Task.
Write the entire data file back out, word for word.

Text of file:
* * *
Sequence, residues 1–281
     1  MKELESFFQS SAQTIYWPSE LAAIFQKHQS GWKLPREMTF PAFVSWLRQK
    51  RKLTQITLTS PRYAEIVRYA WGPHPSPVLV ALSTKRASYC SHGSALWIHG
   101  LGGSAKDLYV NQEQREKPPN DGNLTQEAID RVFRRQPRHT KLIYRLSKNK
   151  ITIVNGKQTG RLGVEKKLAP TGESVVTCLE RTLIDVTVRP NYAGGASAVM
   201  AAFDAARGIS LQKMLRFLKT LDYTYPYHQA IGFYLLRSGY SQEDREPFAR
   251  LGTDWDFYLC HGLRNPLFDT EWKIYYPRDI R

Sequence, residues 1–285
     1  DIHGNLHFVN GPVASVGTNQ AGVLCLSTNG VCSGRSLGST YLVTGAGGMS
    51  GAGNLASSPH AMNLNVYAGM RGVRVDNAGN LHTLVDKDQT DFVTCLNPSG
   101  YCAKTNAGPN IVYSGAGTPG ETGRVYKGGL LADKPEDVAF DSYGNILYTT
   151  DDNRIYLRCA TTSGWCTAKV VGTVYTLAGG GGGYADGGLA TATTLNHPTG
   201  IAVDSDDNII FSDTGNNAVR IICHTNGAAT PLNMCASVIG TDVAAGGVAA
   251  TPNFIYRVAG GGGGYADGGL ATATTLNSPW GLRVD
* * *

Sequence, residues 1–281
     1  MKELESFFQS SAQTIYWPSE LAAIFQKHQS GWKLPREMTF PAFVSWLRQK
    51  RKLTQITLTS PRYAEIVRYA WGPHPSPVLV ALSTKRASYC SHGSALWIHG
   101  LGGSAKDLYV NQEQREKPPN DGNLTQEAID RVFRRQPRHT KLIYRLSKNK
   151  ITIVNGKQTG RLGVEKKLAP TGESVVTCLE RTLIDVTVRP NYAGGASAVM
   201  AAFDAARGIS LQKMLRFLKT LDYTYPYHQA IGFYLLRSGY SQEDREPFAR
   251  LGTDWDFYLC HGLRNPLFDT EWKIYYPRDI R

Sequence, residues 1–285
     1  DIHGNLHFVN GPVASVGTNQ AGVLCLSTNG VCSGRSLGST YLVTGAGGMS
    51  GAGNLASSPH AMNLNVYAGM RGVRVDNAGN LHTLVDKDQT DFVTCLNPSG
   101  YCAKTNAGPN IVYSGAGTPG ETGRVYKGGL LADKPEDVAF DSYGNILYTT
   151  DDNRIYLRCA TTSGWCTAKV VGTVYTLAGG GGGYADGGLA TATTLNHPTG
   201  IAVDSDDNII FSDTGNNAVR IICHTNGAAT PLNMCASVIG TDVAAGGVAA
   251  TPNFIYRVAG GGGGYADGGL ATATTLNSPW GLRVD